Almost everyone who starts a weight loss of exercise program does so with good intentions. Many get off to a good start and see beneficial results, at least initially. Unfortunately, long-term success is uncommon.
There are myriad reasons for this, but the way people manage their weight loss and exercise efforts is certainly among them. Think about it: when someone takes on a new diet or exercise program it is usually added to their typical routine. The problem with this approach is that most people are busy, and there is little extra time in their day. As a consequence, the diet and exercise doesn’t get the time or attention is needs in order for people to be successful.
This is where the lessons of good project management can be helpful. In the workplace a major project is usually accomplished though defining the scope to the project, appropriate goal setting, allocation of resources (including time), and a mechanism to assess progress.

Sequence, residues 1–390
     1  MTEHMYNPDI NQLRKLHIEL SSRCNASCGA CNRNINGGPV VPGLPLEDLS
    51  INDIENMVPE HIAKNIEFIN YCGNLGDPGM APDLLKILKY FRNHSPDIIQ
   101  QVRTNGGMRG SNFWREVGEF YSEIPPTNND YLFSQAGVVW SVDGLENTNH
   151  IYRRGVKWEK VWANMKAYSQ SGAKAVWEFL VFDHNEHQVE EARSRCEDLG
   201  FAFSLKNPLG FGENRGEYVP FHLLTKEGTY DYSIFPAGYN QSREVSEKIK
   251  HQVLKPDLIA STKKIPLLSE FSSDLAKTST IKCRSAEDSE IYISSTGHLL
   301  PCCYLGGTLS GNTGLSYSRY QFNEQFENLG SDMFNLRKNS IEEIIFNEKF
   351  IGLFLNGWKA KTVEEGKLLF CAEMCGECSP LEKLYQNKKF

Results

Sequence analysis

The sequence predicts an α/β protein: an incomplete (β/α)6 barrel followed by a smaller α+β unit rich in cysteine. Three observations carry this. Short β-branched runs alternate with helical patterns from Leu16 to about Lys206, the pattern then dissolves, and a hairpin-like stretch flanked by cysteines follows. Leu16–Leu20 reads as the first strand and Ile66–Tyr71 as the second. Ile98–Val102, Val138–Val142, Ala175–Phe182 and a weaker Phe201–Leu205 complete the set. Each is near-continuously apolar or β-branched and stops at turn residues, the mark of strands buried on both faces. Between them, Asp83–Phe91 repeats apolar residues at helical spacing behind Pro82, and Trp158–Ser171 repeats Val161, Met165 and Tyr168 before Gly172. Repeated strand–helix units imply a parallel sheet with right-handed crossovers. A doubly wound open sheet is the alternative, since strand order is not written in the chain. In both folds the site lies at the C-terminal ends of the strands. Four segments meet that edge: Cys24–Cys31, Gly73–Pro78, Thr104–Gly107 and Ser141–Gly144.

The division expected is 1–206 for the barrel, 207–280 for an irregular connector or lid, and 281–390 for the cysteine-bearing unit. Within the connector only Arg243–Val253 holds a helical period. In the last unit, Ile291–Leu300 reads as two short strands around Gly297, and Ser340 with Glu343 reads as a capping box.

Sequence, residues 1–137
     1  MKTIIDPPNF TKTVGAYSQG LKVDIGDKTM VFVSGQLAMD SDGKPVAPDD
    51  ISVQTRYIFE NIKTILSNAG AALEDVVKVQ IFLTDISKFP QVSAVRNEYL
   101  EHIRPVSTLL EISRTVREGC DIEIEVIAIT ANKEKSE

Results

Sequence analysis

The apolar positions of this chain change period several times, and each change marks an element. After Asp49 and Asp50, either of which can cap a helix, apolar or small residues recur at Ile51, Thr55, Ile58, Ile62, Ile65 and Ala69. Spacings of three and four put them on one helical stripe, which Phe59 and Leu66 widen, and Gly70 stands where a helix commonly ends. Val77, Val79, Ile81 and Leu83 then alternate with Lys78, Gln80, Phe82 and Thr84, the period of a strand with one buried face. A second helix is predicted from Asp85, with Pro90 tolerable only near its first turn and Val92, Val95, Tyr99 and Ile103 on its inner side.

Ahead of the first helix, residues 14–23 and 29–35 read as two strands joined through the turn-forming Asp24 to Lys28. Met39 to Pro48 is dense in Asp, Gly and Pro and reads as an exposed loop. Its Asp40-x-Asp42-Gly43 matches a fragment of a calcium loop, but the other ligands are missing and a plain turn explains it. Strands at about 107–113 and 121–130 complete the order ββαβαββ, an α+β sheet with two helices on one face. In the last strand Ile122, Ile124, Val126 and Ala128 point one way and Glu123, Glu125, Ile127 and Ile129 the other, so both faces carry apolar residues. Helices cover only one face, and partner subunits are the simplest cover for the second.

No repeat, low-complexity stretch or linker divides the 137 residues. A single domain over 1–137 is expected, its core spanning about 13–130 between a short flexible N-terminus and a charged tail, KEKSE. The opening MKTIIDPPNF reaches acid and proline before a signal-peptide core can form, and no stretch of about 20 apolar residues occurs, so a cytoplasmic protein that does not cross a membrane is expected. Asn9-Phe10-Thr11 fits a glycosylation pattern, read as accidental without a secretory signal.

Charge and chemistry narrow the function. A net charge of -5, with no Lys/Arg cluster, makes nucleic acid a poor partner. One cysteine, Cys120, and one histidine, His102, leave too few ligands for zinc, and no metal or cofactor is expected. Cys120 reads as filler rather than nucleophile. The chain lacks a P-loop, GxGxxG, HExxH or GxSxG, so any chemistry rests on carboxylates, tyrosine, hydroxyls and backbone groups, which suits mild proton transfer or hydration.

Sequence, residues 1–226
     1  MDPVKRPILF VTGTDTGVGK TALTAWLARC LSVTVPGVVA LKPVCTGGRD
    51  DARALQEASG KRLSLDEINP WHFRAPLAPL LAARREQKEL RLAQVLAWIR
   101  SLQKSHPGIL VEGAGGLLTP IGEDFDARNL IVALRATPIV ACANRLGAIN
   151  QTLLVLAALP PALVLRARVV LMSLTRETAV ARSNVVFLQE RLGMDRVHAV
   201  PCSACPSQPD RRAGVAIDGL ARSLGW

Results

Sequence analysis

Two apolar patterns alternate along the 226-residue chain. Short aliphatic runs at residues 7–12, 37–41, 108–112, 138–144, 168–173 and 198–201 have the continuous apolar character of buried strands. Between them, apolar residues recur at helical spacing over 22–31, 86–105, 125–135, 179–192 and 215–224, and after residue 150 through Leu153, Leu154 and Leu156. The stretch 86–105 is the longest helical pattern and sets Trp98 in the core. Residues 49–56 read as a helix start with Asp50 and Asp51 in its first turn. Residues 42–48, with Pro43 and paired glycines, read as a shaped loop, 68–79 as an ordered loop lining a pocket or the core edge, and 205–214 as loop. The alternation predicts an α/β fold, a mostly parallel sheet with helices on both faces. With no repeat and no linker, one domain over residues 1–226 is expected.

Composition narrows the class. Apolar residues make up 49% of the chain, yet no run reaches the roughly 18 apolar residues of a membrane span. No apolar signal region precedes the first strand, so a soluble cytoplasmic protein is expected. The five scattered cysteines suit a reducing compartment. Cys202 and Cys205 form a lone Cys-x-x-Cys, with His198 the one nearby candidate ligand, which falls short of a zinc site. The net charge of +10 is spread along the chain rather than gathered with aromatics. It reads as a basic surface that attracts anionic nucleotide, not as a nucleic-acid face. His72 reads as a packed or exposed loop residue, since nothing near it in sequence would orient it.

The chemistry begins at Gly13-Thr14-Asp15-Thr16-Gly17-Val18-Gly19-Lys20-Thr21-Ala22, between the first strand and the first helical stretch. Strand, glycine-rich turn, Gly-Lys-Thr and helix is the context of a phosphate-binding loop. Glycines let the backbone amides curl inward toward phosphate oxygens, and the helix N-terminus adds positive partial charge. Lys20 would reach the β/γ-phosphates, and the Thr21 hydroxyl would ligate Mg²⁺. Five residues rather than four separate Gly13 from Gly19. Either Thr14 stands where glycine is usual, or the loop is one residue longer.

But many people who approach projects this way at work tend not to apply this process to health improvement projects at home. The result is poor planning, setting unrealistic goals, and failure to allocate appropriate resources, including time.
Especially time. Time to set goals, time to plan and prepare meals, time to exercise, and, perhaps most important, time to assess and adjust the plan along the way.
Many of these problems could be avoided through the same good project management techniques that would be used at work. The idea of treating weight loss, exercise, and other health improvements as a project is the topic of my Health & Fitness column in the Aiken Standard this week.